The average weather (usually taken over a 30-year time period) for a particular region and time period. Climate is not the same as weather, but rather, it is the average pattern of weather for a particular region. Weather describes the short-term state of the atmosphere. Climatic elements include precipitation, temperature, humidity, sunshine, wind velocity, phenomena such as fog, frost, and hail storms and other measures of the weather.

Climate Change

A change of climate which is attributed directly or indirectly to human activity that alters the composition of the global atmosphere and which is in addition to natural climate variability over comparable time periods (Source: UNFCCC)

Commitment Period

The five year Kyoto Protocol Commitment Period is scheduled to run from calendar year 2008 to calendar year 2012 inclusive.

Compliance

The rules and regulations outlined in the Kyoto Protocol are satisfied.

Conference of Parties (COP)

The COP is the supreme body of the United Nations Framework Convention on Climate Change (UNFCCC). The role of the COP, which consists of more than 170 nations that ratified or acceded to the Framework Convention on Climate Change, is to promote and review the implementation of the convention.

Copenhagen Accord (2009)

The Copenhagen climate deal that the US negotiated with the leaders of China, India, Brazil and South Africa broke through years of negotiating gridlock to achieve three critical goals. First, it provides for real cuts in heat-trapping carbon pollution by all of the world’s big emitters. Second, it establishes a transparent framework for evaluating countries’ performance against their commitments. And third, it will start an unprecedented flow of resources to help poor and vulnerable nations cope with climate impacts, protect their forests, and adopt clean energy technologies.

New Zealand’s commitment to the accord include; To reduce emissions between 10% to 20% below 1990 levels by 2020 if a global agreement is secured that limits carbon dioxide equivalent (CO2e) to 450 ppm and temperature increases to 2°C, effective rules on forestry, and New Zealand having access to international carbon markets.

Countries with Economies in Transition (EIT)

The Central and East European countries, Russia, and the former republics of the Soviet Union that are in transition from centrally-planned economies to market-based economies.

Credit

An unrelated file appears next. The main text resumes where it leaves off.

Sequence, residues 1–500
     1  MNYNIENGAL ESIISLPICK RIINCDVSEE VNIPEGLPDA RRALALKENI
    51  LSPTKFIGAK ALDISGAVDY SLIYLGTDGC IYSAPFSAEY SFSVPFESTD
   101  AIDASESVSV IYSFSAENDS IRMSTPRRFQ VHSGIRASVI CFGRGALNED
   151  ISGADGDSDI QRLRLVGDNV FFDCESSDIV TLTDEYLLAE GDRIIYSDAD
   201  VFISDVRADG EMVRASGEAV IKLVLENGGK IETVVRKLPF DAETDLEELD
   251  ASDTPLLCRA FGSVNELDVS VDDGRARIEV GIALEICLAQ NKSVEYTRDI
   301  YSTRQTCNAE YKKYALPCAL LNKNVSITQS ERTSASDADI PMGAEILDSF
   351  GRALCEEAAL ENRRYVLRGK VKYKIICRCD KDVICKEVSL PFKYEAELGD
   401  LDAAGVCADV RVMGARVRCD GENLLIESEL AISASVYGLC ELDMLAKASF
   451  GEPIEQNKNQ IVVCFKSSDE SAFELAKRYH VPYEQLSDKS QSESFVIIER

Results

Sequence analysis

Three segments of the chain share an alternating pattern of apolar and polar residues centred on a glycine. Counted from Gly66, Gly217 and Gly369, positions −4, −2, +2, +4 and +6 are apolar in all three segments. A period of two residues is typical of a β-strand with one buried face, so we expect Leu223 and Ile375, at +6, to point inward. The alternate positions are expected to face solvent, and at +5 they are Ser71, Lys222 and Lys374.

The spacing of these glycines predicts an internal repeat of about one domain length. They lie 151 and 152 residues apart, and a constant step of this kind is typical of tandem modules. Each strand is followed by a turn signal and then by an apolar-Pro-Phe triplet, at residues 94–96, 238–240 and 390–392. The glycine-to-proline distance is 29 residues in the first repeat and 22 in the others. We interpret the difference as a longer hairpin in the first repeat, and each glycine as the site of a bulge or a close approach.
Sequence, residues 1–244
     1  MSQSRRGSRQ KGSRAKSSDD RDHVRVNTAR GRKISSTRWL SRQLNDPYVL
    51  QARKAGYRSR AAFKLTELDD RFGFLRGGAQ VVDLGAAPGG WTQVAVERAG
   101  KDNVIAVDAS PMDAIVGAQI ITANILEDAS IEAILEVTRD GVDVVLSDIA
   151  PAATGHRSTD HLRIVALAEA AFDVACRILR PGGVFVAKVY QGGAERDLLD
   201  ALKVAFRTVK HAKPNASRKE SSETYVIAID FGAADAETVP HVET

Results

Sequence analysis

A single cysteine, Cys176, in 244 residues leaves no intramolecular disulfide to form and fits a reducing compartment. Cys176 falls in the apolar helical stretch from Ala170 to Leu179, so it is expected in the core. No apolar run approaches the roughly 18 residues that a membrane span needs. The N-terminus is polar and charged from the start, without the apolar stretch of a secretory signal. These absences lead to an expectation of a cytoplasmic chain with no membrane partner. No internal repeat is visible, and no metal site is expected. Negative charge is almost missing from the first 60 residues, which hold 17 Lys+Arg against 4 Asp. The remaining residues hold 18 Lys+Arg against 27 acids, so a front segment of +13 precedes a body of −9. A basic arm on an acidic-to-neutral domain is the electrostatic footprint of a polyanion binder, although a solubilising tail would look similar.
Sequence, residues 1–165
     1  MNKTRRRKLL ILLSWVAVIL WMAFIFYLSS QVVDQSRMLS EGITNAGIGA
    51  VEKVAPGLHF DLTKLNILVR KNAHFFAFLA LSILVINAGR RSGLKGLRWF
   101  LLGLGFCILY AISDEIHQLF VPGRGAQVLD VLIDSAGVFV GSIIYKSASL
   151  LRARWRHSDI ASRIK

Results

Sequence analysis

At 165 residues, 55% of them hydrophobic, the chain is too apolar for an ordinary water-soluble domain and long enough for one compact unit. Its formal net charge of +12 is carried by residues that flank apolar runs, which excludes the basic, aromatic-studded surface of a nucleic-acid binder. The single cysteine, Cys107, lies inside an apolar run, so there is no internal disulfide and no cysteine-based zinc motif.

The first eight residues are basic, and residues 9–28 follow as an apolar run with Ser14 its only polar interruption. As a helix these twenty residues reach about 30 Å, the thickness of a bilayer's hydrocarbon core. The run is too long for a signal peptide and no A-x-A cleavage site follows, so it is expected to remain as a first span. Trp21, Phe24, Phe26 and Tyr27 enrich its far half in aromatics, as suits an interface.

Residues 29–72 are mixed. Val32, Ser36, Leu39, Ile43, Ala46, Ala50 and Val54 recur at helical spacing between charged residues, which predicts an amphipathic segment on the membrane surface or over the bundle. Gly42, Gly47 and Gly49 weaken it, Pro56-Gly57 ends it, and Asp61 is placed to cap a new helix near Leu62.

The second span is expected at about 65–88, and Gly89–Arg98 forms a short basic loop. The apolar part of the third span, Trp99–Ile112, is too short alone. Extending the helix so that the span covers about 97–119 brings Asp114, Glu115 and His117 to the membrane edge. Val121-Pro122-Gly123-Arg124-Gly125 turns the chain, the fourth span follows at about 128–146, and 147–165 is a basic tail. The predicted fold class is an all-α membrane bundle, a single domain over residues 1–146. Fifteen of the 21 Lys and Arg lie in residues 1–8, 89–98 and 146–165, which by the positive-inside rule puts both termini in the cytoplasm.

The term 'Credits' are used in a number of contexts, most commonly in relation to emission reductions that have been achieved in excess of the required amount for:

- Joint Implementation, also known as Emission Reduction Units (ERUs) or

- Clean Development Mechanism projects, specifically known as Certified Emission Reductions (CERs)

Credit For Early Action

Within the Kyoto Protocol, Annex B governments can not receive credits before the first commitment period (2008-12) towards their emission obligation, except under the Clean Development Mechanism. However some governments have suggested giving credit for early action taken before 2008 with the intent to stimulate investment in their emission abatement projects.

Cryosphere

The frozen part of the Earth's surface. The cryosphere includes the polar ice caps, continental ice sheets, mountain glaciers, sea ice, snow cover, lake and river ice and permafrost.

D

A, B, C, D, E, F, G, H, I, J, K, L, M, N, O, P, Q, R, S, T, U, V, W, X, Y, Z [Back to Top]

Damage Function

The relation between changes in the climate and reductions in economic activity relative to the rate that would be possible in an unaltered climate.

Deforestation

The process of removing forested areas. Examples include cutting or burning to provide land for agricultural purposes, residential or industrial building sites, roads etc., or harvesting the trees for building materials or fuel.

Desertification

The progressive destruction or degradation of existing vegetative cover to form desert. This can occur due to overgrazing, deforestation, drought and the burning of extensive areas. Once formed, deserts can only support a sparse range of vegetation. Climatic effects associated with this phenomenon include increased albedo, reduced atmospheric humidity and greater atmospheric dust (aerosol) loading.

Developed Countries

Industrialised countries (identified in Annex I and Annex B of the Kyoto Protocol).

Developing Countries

Countries in the process of industrialisation which have constrained resources to address their economic and environmental problems. Developing countries also referred to as Less Developed Countries (LDC).

Differentiation

Within the Kyoto Protocol, this refers to differing national circumstances that might require differing emission reduction obligations.

Direct Emissions

Emissions that are produced by a source controlled by a company. Examples include operations within a company-owned factory or gasoline burned in a company car. See also "indirect emissions."

Distributed generation

A popular term for localized or on-site power generation.

Diurnal Temperature Range

The difference between maximum and minimum temperature over a period of 24 hours.

Dynamic Baseline

Dynamic baseline is a forecast baseline which adjusts to the changes in the business environment over time.

E

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Early Action

The action of reducing emissions, investing in Clean Development Mechanism projects, Joint Implementation or trading emissions before the start for the Kyoto Commitment Period.

Early Crediting

Article 12 within the Kyoto Protocol, indicates that 'early crediting' will be given for Clean Development Mechanism projects undertaken between 2000 and 2008 as opposed to credit for other emission reductions which will begin in 2008. (This is distinct from "Credit for Early Action" programs).